Meeting in Turkey to establish an alternative Syrian government, rebel groups decided to pick a Prime Minister and Cabinet, despite the fact 47-year-old Syrian ruler Bashar al-Assad has no intent of surrendering. All indications point toward opposition groups making little progress in their over two-year battle to topple the ophthamologist son of Haffez al-Assad, Syria’s modern-day ruler. With Syrian factions abducting U.N. personnel, the Syrian National Coalition stepped up to get all disparate rebel groups on the same page. By hosting the alternative Syrian government conference, Turkey solidifies itself as a bitter enemy of al-Assad’s regime. “Obviously [the opposition] has been very frightened trying, because it does not have a real social base on the ground, and it is worried that if it fails, it will get egg on its face,” said Univ. of Oklahoma Syrian expert Joshua Landis.
Setting up an alternative government has zero legitimacy, and no recognition where it counts: In the United Nations. Fighting al-Assad since March 11, 2011, the International Red Cross estimates that over 70,000 Syrians have lost their lives, while al-Assad attempts to repel a various rebel factions of unknown origin. Russia, Syria’s main ally in the region, has warned against a terrorist takeover, much like they saw in Chechnya, where Russian forces battled Islamic radicals until they finally threw in the towel. Expecting the vote to come as early as next Tuesday, opposition group spokesman Khalid Saleh said the opposition would pick a new government, in effect declaring war against Damascus. Syria’s allies know that if the same thing happened to them, they’d certainly want support for their sovereignty. Revolutionary movements can’t be allowed to legitimate governments.
Whatever happened with the Arab Spring two years ago in Tunisia, Egypt and Libya, it has little to do with situation in Syria. To begin with, al-Qaeda has been fighting along side Syrian rebel groups, including Palestinians, hoping to set up a Taliban-like state in Syria once al-Assad calls it quits. White House officials have been reluctant to send cash or military support to opposition groups, not knowing exactly their backing or political objectives. Baath Party legislator Issam Khalil believes rebels groups are trying to “implode Syria from the inside,” accusing the groups meeting in Isranbul of undermining the Syrian government. Setting up an alternative government won’t quell the bloody conflict that costs thousands of lives a month. Sixty-year-old Russian President Vladimir Putin has no intent of giving up its strategic Tartus Mediterranean Naval Base.
Newly minted U.S. Secretary of State John Kerry signaled support an alternative government as long as its was approved by the al-Assad government and opposition groups. Syrian opposition coalition chief Mouaz al-Khalib expressed his reservations about electing an alternative government causing even more divisions in the war-torn state. “By electing an interim Cabinet, the Syrian opposition will put an end to any possibility for a negotiated settlement with the Syrian regime,” said London School of Economics Mideast analyst Fawaz A. Gerges. “War option would win over diplomacy,” said Gerges, stating precisely what exists today: Al-Assad defends his sovereignty to the death. When the U.N. voted Mahmoud Abbas’ Palestinian Authority a non-member state Nov. 29, 2012 and Abbas declared an independent state Dec. 2, 2012, it meant absolutely nothing in Tel Aviv.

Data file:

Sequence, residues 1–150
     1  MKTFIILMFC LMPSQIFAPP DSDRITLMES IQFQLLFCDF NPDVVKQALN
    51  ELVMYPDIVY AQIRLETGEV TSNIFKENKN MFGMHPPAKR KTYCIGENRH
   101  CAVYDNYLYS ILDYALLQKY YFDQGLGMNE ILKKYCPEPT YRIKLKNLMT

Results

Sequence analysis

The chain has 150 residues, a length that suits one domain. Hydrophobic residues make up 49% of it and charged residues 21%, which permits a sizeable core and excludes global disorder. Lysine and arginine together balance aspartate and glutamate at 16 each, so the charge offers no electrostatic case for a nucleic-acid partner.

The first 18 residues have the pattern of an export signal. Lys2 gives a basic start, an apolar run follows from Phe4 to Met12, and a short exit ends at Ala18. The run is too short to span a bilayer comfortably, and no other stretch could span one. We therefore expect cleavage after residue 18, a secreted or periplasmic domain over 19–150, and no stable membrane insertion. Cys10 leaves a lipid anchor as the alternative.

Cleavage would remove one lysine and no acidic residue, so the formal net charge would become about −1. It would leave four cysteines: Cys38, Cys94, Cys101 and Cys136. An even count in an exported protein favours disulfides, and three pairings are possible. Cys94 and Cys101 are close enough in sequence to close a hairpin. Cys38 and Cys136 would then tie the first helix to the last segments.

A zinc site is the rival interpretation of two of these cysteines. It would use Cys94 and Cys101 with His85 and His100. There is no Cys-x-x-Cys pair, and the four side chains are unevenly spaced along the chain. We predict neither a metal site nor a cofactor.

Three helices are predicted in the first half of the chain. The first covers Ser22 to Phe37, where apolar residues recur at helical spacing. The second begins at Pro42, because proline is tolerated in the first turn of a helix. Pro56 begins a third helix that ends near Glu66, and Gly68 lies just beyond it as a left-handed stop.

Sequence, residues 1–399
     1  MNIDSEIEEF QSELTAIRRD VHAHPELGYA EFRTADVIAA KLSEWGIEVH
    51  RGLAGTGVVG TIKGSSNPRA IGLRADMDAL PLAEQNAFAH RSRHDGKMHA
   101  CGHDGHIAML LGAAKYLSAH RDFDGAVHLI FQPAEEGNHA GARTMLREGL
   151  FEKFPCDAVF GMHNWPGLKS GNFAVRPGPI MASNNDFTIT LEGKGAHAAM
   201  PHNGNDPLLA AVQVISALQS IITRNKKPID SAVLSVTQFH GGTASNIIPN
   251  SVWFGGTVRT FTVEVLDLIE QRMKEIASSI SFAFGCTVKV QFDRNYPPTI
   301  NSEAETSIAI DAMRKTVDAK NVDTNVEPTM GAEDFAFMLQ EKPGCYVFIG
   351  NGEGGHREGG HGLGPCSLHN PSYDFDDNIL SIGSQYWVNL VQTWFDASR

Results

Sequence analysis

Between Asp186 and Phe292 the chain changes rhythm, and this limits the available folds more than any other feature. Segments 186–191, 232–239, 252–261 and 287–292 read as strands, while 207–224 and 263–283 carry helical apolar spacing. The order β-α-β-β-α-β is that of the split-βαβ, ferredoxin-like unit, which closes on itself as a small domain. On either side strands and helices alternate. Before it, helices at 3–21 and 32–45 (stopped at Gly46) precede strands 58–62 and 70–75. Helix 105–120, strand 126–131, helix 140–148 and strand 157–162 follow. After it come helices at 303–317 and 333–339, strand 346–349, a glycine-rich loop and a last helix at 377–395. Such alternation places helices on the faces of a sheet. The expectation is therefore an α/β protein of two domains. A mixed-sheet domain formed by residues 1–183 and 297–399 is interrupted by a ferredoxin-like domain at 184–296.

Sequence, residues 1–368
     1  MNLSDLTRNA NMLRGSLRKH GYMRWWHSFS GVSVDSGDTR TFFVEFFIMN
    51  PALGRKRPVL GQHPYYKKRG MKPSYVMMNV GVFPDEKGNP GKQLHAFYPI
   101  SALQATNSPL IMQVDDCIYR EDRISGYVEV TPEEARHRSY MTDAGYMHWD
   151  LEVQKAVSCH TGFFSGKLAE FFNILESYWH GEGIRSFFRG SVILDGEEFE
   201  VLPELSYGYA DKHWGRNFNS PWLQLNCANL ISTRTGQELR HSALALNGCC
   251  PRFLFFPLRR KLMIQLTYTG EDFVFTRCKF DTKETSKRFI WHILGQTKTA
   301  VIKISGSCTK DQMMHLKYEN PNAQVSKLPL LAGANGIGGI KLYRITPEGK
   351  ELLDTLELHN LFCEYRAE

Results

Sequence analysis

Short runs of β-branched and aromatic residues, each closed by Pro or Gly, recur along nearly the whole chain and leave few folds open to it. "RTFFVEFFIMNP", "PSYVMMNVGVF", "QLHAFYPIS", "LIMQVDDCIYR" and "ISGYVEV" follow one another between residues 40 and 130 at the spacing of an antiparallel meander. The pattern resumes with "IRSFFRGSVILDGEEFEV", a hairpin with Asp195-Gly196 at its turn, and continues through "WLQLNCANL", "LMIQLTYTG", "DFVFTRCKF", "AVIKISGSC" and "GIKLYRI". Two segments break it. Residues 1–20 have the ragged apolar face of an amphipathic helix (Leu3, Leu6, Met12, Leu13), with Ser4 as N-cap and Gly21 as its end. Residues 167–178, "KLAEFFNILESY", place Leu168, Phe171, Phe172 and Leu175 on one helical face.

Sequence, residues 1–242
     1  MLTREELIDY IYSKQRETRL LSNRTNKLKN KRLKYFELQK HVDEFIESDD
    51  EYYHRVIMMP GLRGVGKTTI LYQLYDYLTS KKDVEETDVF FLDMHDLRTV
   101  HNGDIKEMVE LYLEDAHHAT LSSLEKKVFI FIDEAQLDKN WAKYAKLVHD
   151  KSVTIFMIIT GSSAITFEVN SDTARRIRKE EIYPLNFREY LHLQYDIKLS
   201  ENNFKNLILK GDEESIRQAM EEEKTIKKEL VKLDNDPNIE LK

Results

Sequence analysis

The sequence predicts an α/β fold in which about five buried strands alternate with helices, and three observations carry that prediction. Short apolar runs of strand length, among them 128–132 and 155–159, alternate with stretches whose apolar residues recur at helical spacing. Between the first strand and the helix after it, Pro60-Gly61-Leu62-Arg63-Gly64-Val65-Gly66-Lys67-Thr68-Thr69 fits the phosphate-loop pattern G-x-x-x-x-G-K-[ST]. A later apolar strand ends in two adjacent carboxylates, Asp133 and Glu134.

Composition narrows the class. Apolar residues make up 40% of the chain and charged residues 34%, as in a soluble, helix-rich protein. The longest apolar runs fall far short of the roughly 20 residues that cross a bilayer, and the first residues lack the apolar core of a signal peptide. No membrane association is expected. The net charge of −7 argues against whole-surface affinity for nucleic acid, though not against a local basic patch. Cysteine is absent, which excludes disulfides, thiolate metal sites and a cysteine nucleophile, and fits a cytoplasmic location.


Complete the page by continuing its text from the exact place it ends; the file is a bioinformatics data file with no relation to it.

Given the highly unstable situation in Iran and the Korean Peninusla, the White House can ill-afford to alienate Putin, or, for that matter, Beijing, that has consistently backed al-Assad’s sovereignty over various nefarious groups, especially the ones that seized March 6 20 Filipino U.N. peacekeepers. When al-Assad had a falling out with Damascus-based Palestinian leader-in-exile Khalid Meshaal before the March 11, 2011 insurgency began, it spelled “revolution.” With Meshaal’s prospects for recapturing territory inside Israel slim-and-none, he smelled blood in Damscus. Miscalculating al-Assad’s toughness, Meshaal thought he had a ready-made situation for a Palestinian state. Betraying al-Assad, who gave Meshaal sanctuary for years, shows the real loyalty in the Mideast. Russia has shown al-Assad the loyalty of a grateful ally, something the White House needs to appreciate.
Looking at the big picture, the U.S. needs Russia and China far more than they need to back questionable Syrian rebel groups. Whatever the body count in Syria, it’s up to Syrians to decide whether the benefits of revolution outweigh the human toll, including the some 70,000 war dead. If revolutions happened in the U.S. or Russia, the death tolls would be far greater preserving U.S. and Russian sovereignty. With so many Syrian rebel groups jockeying for supremacy, the White House should seize the opportunity to find common ground with Russia and China, both adamantly supporting al-Assad’s sovereignty. Establishing an alternative government “is a recipe for conflict, no doubt about it,” said Landis, rejecting assurances from Syrian National Coalition’s Khlid Saleh that he’d build a national consensus. Too many radical rebel groups are vying to topple the al-Assad regime.
About the Author
John M. Curtis writes politically neutral commentary analyzing spin in national and global news. He’s editor of OnlineColumnist.com and author of Dodging The Bullet and Operation Charisma.